Sheriff Apologizes for Remarks About Hispanics

Lorenzo Perez, News&Observer (Raleigh), September 8, 2008

Johnston County Sheriff Steve Bizzell apologized this evening for his portrayal of the Mexican immigrant community in today’s News & Observer article about his county’s growing Hispanic population.

The apology came in a one-paragraph statement e-mailed to the newspaper shortly before 5 p.m. after today’s newspaper included a front-page article in which Bizzell criticized illegal immigrants for “breeding like rabbits” and declared, “Mexicans are trashy.”

Tony Asion, the executive director of the North Carolina nonprofit advocacy group El Pueblo, said he had to stop reading the article because the sheriff’s comments made him so angry. Bizzell’s apology was not good enough, he added.

said Asion, who was born in Cuba. “As a 20-year veteran of the Delaware State Police force, I resent the fact that he’s even a cop.”

Bizzell’s comments were made in a series of four interviews conducted over a period of more than a month. In his statement today, Bizzell apologized for making “broad statements that reflected on the legal and law-abiding Hispanic population—that was never my intention.”

Bizzell said the statements he made during the interviews were influenced by a fatal wreck involving a drunken driver last year that dramatically changed his focus. The driver, who had previously been repeatedly charged with drunken driving, struck and killed a Selma boy in April.

“I obviously let my anger over this crime flash during the N&O interview. Since then I have worked with Federal authorities to deport illegal immigrants that commit crimes because these criminals ultimately have a negative impact on all the good law-abiding residents in Johnston County,” Bizzell said in the statement. “This is not a reflection on all immigrants as legal immigration is both wanted and needed. I always have and always will carry out the duties of the Office of Sheriff to protect all the people in Johnston County without regard to where someone is from or their citizenship status.”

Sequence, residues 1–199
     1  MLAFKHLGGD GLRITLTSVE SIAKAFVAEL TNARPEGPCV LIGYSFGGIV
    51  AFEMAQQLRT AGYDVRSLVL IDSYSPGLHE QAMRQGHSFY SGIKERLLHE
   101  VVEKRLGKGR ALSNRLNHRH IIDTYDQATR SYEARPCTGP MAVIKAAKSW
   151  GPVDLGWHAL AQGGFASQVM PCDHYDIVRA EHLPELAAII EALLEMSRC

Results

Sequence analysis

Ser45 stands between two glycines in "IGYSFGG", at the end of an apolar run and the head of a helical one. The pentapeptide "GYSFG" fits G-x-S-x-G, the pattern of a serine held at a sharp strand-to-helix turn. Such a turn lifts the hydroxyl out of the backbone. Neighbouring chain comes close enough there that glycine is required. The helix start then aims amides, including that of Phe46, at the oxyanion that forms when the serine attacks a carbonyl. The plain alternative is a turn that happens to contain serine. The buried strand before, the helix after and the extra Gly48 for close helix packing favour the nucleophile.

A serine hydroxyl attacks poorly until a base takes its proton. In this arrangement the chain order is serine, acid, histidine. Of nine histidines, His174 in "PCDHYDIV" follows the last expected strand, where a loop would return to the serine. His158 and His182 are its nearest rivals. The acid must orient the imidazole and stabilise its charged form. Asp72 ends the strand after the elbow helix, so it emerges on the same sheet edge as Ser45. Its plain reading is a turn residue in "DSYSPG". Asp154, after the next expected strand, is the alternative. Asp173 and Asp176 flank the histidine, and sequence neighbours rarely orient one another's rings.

Bizzell could not be reached for further comment. A man answering the phone at the sheriff’s home this evening said Bizzell had gone to church.

Until he gave up the post in July, Bizzell was the president of the N.C. Sheriff’s Association. During his term, he helped make North Carolina one of the most aggressive states in the nation for deporting illegal immigrants. Efforts to reach Craven County Sheriff Jerry G. Monette, current president of the North Carolina Sheriffs’ Association, and other association officers were unsuccessful today.

Speaking from the State Fairgrounds today where El Pueblo was celebrating its 15th annual Fiesta del Pueblo, Asion said Bizzell’s statement of apology does not make up for the prejudice and bigotry revealed in the sheriff’s concern over Johnston County’s changing demographic. Bizzell had said: “Everywhere you look it’s like little Mexico around here.”

“A person elected to represent the entire community should be ashamed of making statements like this,” Asion said.

[Editor’s Note: Sheriff Bizzell’s comments were originally reported in a September 7, 2008, article in the Raleigh News&Observer, “Tolerance Wears Thin,” by Kristin Collins, which can be read here.]


A civil rights group said Tuesday it will investigate a North Carolina sheriff’s office for possible racial profiling after the sheriff said in published comments that “Mexicans are trashy,” and later apologized for making broad statements.

The American Civil Liberties Union of North Carolina said its first step was to file a public records request with the Johnston County Sheriff’s Office for documents of traffic checkpoints and arrests. The group wants the paperwork by Sept. 19.

Executive Director Jennifer Rudinger said the request seeks county arrest records since January 2004, jail records, and documents from traffic checkpoints. Eight other groups also joined in the request.

The action comes after Johnston County Sheriff Steve Bizzell apologized for comments he made in an article published Sunday in The News & Observer of Raleigh. {snip}

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